LCL 539: viii-ix
This volume contains three third-century AD rhetorical treatises that provide instructions on how to compose occasional speeches. These writings form the bulk of epideictic theory and practice from antiquity.1 Two treatises areattributed to one Menander Rhetor of Laodicea, the other (incorrectly) to the early first-century AD historian and literary critic Dionysius of Halicarnassus, but which is actually much later. Its author is usually designated as Pseudo-Dionysius of Halicarnassus and abbreviated in this volume by [DH].
These treatises derive from the schools of rhetoric that flourished in the Roman Empire from the second through fourth centuries AD in the Greek East. They provide a window into the literary culture and social concerns of these Greeks under Roman rule, in both public and private life, and were of considerable influence on later pagan and Christian literature.2
- 1Some epideictic topics such as encomium are briefly treated in the progymnasmata. Burgess provides an excellent overview of epideictic rhetoric and its influence on Greek literature.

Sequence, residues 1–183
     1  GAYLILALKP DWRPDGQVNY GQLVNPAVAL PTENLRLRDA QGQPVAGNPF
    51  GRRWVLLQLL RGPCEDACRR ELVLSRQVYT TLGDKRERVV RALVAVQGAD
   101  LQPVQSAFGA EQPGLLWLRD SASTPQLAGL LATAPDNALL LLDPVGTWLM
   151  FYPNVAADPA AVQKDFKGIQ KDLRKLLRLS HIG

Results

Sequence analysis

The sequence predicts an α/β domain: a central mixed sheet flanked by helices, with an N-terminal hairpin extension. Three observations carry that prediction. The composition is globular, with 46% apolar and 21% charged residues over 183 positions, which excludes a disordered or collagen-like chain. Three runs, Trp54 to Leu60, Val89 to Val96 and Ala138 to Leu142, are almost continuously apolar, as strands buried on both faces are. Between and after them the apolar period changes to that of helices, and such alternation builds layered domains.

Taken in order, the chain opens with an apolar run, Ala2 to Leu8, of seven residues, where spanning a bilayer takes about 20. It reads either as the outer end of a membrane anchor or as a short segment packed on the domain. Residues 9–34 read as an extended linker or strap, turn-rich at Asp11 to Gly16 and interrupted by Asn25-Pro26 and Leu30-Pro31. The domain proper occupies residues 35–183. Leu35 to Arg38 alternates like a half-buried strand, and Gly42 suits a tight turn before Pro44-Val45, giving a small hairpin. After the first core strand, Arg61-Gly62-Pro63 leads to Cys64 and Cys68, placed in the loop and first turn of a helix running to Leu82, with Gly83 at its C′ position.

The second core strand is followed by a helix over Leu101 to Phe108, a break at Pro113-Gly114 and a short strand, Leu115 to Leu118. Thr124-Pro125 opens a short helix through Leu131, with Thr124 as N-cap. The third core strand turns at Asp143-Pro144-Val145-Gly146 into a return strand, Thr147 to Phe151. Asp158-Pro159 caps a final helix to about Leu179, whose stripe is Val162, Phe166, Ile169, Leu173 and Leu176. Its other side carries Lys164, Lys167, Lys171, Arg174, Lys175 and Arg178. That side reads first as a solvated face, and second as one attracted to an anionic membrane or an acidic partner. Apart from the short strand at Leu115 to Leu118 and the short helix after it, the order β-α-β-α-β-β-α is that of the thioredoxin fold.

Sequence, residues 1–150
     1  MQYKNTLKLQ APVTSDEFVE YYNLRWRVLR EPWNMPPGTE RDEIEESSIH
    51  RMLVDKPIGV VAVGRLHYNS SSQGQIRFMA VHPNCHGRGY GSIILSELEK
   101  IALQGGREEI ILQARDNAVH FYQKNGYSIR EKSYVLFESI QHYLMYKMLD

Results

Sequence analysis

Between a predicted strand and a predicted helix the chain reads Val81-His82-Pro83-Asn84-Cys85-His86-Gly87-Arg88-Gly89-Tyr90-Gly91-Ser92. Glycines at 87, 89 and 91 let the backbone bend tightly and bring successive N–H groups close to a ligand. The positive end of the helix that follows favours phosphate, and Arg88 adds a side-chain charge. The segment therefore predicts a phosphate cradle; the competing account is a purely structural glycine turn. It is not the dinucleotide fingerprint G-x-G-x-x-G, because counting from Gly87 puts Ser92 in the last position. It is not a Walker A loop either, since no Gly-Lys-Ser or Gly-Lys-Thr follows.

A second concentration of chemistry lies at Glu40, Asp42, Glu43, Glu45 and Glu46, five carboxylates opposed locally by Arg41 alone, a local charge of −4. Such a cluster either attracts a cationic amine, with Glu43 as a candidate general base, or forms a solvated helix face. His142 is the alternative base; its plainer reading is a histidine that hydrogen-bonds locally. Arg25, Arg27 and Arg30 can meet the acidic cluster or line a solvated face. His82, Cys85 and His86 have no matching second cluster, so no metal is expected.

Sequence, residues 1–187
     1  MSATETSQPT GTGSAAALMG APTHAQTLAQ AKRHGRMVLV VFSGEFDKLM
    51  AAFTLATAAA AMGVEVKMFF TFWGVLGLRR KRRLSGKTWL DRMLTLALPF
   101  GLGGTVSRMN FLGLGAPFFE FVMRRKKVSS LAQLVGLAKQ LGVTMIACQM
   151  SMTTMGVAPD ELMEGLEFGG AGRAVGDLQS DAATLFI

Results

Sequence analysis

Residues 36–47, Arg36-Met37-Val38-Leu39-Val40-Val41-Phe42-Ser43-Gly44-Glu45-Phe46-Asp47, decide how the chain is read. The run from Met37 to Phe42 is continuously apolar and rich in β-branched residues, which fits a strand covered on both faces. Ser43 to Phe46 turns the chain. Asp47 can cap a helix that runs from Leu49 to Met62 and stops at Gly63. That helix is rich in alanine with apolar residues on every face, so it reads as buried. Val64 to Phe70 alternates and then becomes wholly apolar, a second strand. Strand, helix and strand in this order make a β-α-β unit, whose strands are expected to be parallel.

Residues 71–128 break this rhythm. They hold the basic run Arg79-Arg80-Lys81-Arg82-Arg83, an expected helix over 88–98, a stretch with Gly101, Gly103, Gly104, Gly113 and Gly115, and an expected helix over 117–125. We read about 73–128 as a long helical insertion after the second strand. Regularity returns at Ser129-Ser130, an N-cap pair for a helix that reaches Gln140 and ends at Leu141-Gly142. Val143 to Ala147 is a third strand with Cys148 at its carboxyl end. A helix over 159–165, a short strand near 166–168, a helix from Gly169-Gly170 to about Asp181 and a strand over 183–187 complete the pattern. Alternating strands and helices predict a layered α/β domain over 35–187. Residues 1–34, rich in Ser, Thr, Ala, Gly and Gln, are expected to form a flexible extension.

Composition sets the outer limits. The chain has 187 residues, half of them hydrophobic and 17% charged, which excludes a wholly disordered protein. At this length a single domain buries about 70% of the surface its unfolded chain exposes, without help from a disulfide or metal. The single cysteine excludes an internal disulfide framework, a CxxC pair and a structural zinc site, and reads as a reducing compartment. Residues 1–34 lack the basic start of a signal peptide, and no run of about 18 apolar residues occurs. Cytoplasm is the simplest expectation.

- 2Kennedy 2003, 295, sums up the importance of late rhetoric for our understanding of both Christian and pagan writings: “The numerous later Greek rhetorical treatises, dry reading as they may seem, sometimes even poorly written, have considerable significance for the intellectual history of the early centuries of the Christian era. They are a major source for our understanding of education, its materials, goals, and values, as experienced by most important thinkers of the times, pagan and Christian; the training they describe directly influenced the form and style of composition of much of the writing that has survived; they are evidence for cultural change and for the perception of Greek language and literature of the classical period more than five hundred years later; and they provide linguists and philologists with useful concepts and terminology to describe the workings of texts, pagan and Christian, ancient and modern.”